Home > C++11 > Moving, Initializing, And Hotdogging

Moving, Initializing, And Hotdogging

In an interview with C++ creator Bjarne Stroustrup, Danny Kalev asked Bjarne several questions about the major features being incorporated into the venerable C++ language via the C++0x standardization effort. Here’s one such Q+A exchange:

I know, I know. The “*” should be a “+” in the free function declaration box above. But does the typo really detract from the message being conveyed?

So, how hard is it to write a move constructor implementation? It’s as hard as this:

Notice how the lower level reference-to-a-reference (i.e. rvalue reference)  feature in the Matrix move constructor enables the higher level “move” feature to be easily written. This capability to move big stuff around instead of copying the behemoth will be a great addition to the language, especially to library writers, no?

Bjarne’s examples of the new “uniform and universal initialization” C++0x feature jacked me up too:

We can use the {…} notation for every initialization and wherever we initialize an X with {v} we get the same resulting value. That’s a major improvement over C++98’s non-uniform set of alternatives using the =v, ={v}, and (v) notations:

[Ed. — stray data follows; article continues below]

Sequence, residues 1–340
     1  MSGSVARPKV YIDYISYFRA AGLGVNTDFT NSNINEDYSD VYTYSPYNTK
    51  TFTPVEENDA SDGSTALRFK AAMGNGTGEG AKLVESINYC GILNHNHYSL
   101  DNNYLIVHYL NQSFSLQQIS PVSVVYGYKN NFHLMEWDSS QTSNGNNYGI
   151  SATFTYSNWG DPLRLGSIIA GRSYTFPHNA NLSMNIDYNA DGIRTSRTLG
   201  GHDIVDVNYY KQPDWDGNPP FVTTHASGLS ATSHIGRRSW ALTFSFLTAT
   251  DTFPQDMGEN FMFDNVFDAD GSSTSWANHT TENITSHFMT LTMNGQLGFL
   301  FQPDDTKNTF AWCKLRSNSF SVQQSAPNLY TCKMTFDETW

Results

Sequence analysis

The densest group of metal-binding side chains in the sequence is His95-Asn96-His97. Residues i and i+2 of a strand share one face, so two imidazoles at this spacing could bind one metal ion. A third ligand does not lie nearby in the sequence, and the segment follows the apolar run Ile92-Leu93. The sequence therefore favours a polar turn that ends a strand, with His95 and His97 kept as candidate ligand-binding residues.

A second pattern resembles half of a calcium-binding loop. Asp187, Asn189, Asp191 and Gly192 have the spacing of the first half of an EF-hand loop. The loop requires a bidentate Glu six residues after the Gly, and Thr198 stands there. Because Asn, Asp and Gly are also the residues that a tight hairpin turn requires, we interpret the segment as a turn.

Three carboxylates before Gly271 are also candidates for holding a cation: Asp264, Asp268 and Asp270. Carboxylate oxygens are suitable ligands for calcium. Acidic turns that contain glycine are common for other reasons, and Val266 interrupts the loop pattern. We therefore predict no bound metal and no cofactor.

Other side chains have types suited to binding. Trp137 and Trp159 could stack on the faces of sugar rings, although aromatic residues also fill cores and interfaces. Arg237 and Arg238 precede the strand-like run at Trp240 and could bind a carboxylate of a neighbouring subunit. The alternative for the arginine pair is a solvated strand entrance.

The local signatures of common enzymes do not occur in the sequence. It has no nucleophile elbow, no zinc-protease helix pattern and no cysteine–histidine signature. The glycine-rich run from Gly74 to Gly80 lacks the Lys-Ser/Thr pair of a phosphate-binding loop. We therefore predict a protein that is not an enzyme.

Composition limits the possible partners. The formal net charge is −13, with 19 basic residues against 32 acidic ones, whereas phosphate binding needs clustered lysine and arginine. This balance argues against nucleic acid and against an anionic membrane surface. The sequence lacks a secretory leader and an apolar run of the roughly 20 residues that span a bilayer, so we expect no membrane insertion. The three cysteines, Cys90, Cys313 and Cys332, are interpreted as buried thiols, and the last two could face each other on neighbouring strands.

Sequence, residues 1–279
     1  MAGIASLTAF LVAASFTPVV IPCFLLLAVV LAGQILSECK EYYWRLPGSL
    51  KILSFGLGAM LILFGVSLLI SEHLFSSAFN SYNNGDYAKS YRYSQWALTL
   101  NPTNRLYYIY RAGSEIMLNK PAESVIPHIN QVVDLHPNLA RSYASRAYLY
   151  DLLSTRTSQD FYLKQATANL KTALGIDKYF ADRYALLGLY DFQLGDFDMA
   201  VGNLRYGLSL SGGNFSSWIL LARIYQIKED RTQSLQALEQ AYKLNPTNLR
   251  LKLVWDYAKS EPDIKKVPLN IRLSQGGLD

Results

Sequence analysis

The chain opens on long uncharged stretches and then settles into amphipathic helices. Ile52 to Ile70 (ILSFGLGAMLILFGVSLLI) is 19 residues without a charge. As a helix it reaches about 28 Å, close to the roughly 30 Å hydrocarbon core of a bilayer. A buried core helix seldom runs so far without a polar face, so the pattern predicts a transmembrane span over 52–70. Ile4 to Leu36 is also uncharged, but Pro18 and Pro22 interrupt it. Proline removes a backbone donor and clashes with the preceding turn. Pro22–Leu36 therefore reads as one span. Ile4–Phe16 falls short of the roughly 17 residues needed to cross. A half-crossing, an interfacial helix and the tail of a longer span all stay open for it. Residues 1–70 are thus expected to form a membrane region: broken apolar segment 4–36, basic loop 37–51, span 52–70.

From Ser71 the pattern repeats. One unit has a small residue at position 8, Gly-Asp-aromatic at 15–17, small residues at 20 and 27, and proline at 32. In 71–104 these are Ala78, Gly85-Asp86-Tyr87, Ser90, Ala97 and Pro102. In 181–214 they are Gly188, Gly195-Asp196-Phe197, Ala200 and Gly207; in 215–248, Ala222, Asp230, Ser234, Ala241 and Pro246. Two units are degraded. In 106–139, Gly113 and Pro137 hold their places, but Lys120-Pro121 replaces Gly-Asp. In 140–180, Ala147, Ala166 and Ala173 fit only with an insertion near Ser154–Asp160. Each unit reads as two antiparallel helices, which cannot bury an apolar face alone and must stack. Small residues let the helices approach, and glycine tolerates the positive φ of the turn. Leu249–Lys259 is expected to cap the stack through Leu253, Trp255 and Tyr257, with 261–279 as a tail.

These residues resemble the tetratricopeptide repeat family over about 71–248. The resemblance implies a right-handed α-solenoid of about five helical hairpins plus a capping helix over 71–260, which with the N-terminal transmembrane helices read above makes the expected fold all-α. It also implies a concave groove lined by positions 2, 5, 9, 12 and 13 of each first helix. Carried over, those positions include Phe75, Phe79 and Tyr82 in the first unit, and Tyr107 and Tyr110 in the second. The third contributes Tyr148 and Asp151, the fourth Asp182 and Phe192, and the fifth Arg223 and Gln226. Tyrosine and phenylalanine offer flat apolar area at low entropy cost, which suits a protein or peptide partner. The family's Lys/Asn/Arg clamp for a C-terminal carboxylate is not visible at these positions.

With any new and powerful tool, there’s always the danger of “hotdoggers” conniving to show how much smarter than you they are. Here’s a typically wise and insightful, and universal quote from Bjarne on the topic:

Before we get to benefit from the simplifications offered by C++0x, we may go through a period where too many people try to show off their cleverness by enumerating language rules and digging into the most obscure corners. That can do harm.

You’re not one of “those” people are you? I’m not. Luckily, I ain’t smart enough to be a hotdogger. But if I was brilliant…….

Note: I know that the code above is really C, but it was the first googled C++ example I stumbled across.

  1. November 7, 2014 at 6:03 am
  1. No trackbacks yet.

Leave a Reply

Fill in your details below or click an icon to log in:

WordPress.com Logo

You are commenting using your WordPress.com account. Log Out / Change )

Twitter picture

You are commenting using your Twitter account. Log Out / Change )

Facebook photo

You are commenting using your Facebook account. Log Out / Change )

Google+ photo

You are commenting using your Google+ account. Log Out / Change )

Connecting to %s

%d bloggers like this: